Diana Rigg, as Emma Peel, wore one. So did Britney Spears and nearly every Catwoman from Julie Newmar to Zoë Kravitz. By turns fetishistic and innocent, futuristic and throwback-worthy, the modern-day catsuit came into being when designer John Sutcliffe introduced the style for bikers in the ‘50s. It went from fun, liberatory garment to slick Barbarella accoutrement fast, and its contradictions have been fascinating fashion ever since.
This season has brought us a full-on catsuit resurgence, both on the runway and in celebrity wardrobes. It feels like the perfect marriage of the body-conscious fashion that has ruled recent years and the more covered-up, unfussy options we reached for in lockdown. “Designers have fully embraced this new wave of sexy dressing, through everything from cutout dresses to flashing midriffs and crop tops,” notes Libby Page, senior market editor at Net-a-Porter. “And the catsuit is no exception.” Rickie De Sole, the women’s designer fashion and editorial director at Nordstrom, attributes the garment’s popularity to “its ability to provide an effortless yet bold way to dress up for a night out.” Hailey Bieber wore a slinky crushed-velvet Saint Laurent version on her birthday. Anya Taylor-Joy and Lizzo have both sported floral Richard Quinn styles. And of course, musicians love the way all-in-ones lend themselves to onstage calisthenics while still delivering arena-engulfing sex appeal—just ask Dua Lipa, Doja Cat, and Normani.
Versatility is also part of the allure. On the runway, catsuits came in all flavors: Marine Serre’s dystopian-chic style, complete with a face covering; Gucci’s logo-heavy chartreuse reimagining; Collina Strada’s floral crunchy-girl option, accessorized with a fruit-shaped bag. De Sole cites designers like LaQuan Smith and Mugler’s Casey Cadwallader, who have made sexed-up takes on the catsuit a signature.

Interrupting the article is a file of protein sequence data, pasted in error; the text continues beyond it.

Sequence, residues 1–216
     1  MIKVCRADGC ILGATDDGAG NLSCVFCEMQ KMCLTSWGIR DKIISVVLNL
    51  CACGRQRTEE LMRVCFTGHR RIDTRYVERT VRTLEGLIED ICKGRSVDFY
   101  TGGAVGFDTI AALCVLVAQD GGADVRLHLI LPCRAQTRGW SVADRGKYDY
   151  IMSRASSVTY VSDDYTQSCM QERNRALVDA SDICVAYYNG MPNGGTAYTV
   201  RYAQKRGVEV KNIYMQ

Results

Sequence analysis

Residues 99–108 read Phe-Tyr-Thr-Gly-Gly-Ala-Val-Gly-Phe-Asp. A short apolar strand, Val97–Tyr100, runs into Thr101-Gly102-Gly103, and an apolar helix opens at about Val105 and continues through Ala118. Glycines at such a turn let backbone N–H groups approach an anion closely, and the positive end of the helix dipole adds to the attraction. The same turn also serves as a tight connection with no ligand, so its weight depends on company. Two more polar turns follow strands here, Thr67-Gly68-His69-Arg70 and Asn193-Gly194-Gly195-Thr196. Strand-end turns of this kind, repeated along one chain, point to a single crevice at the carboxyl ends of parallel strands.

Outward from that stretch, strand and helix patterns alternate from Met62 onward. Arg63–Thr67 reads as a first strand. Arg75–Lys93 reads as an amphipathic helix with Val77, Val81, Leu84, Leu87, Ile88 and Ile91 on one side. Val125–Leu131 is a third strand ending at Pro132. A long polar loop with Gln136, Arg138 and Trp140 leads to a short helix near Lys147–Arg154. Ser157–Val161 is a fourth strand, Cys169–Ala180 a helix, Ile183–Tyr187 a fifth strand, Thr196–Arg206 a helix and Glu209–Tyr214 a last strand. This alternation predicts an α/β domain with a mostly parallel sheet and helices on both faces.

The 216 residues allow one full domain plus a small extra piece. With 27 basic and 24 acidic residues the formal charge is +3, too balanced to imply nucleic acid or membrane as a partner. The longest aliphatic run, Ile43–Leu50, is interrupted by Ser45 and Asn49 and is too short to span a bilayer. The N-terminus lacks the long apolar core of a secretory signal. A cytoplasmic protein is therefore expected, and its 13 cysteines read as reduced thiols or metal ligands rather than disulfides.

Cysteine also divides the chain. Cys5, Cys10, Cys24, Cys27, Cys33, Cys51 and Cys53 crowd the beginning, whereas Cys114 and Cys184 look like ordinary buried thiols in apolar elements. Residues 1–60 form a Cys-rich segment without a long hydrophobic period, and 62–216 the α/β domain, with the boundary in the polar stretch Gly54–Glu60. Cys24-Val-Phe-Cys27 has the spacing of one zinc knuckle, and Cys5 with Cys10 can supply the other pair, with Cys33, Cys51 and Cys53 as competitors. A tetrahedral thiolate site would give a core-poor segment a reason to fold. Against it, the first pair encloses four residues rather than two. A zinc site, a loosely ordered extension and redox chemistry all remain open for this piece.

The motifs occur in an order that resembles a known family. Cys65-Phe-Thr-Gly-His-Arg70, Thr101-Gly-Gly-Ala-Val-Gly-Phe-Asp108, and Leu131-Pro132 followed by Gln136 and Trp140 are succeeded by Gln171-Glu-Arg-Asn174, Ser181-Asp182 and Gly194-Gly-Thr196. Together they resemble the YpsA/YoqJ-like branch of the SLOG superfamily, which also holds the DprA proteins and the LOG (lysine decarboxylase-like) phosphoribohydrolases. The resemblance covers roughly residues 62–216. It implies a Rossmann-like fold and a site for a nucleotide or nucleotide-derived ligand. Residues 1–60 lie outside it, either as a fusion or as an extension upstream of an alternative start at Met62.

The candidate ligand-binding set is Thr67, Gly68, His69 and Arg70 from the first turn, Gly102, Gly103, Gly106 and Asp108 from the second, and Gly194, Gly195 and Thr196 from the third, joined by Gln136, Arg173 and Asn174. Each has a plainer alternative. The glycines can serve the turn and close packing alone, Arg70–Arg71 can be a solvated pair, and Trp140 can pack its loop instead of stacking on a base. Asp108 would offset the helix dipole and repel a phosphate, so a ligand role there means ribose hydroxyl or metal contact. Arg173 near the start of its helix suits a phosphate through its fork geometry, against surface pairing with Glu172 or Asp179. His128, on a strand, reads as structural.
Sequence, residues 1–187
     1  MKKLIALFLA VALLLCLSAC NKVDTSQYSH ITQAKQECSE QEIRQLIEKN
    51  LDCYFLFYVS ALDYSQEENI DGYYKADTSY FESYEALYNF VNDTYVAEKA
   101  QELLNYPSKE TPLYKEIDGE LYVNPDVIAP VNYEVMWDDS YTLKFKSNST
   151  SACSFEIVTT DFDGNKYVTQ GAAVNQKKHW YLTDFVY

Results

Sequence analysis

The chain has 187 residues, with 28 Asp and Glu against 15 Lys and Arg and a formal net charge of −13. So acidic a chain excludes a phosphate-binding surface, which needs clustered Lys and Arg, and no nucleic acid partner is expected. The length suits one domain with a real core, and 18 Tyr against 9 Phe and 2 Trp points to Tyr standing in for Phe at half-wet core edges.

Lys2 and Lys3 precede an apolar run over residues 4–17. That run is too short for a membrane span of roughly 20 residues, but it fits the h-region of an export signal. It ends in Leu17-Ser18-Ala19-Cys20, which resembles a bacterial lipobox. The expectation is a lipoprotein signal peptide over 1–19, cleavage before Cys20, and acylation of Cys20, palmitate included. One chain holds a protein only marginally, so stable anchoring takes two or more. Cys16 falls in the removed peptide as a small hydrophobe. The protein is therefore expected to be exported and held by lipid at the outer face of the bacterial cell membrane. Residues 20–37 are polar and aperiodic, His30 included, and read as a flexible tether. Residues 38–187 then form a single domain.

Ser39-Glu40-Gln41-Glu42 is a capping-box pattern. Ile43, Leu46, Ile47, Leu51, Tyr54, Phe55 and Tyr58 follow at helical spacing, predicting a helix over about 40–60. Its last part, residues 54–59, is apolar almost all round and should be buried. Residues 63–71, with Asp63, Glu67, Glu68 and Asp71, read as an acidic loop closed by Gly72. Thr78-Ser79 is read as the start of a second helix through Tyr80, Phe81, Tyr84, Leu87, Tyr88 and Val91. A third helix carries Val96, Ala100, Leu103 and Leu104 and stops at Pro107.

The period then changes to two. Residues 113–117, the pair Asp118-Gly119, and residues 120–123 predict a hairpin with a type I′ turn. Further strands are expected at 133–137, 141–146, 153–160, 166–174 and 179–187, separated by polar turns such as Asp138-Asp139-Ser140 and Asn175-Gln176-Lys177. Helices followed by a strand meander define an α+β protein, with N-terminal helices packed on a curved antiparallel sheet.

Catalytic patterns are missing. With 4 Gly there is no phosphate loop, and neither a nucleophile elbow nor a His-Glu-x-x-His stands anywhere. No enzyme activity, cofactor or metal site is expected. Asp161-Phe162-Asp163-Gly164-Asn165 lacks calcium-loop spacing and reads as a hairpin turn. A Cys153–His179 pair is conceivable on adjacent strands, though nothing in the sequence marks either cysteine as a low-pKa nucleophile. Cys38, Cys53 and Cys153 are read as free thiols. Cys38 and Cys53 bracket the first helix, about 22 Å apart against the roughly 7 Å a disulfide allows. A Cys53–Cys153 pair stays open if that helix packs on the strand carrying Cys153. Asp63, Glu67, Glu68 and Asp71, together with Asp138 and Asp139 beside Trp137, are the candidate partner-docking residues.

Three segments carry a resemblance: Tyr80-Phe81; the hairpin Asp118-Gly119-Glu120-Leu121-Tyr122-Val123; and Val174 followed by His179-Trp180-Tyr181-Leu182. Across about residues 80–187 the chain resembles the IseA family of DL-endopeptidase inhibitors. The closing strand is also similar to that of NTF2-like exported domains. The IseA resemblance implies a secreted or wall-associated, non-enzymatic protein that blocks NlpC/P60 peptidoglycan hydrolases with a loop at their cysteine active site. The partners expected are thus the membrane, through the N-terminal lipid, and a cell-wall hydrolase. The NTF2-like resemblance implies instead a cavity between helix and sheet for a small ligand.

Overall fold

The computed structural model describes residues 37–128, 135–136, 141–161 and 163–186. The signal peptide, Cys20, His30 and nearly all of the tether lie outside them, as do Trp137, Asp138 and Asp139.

London designer David Koma tells me his personal fascination with the silhouette stems from his love of sports—he’s a huge tennis fan, and his spring collection, shown at the Zaha Hadid-designed London Aquatics Centre, was inspired by synchronized swimming. He chalks up the catsuit’s current reign to our love affair with all things athleisure. “It’s a multifunctional, beautiful piece of clothing that could be taken from high-performance sport, to daywear, to partywear, to a proper red carpet moment.” Take the custom Flo-Jo-inspired catsuit that Koma created for Serena Williams to wear to the premiere of King Richard. A riff on a sinuous single-leg look from Koma’s spring collection, it was the ultimate tribute from a tennis aficionado to one of the sport’s greats, who’s often favored catsuits on the court. (In what he calls a “twinning moment,” Koma also designed a matching look for Williams’s daughter, Olympia.)
For spring, De Sole is excited about the wealth of options from Burberry, Dundas, and Saint Laurent, where cutout-heavy versions of the style dominated. Page calls the catsuit “the perfect building block” and notes that Net-a-Porter will be carrying seven styles from Saint Laurent and three from Pieter Mulier’s debut collection for Alaïa. And Koma’s still riding high on a look from spring 2020 that keeps garnering newfound attention: a sequined zebra edition. “Actually, today,” he confides, “I had another request for that from a super-big celebrity.” Consider it coming soon to a pap photo near you.
This article appears in the May 2022 issue of ELLE.
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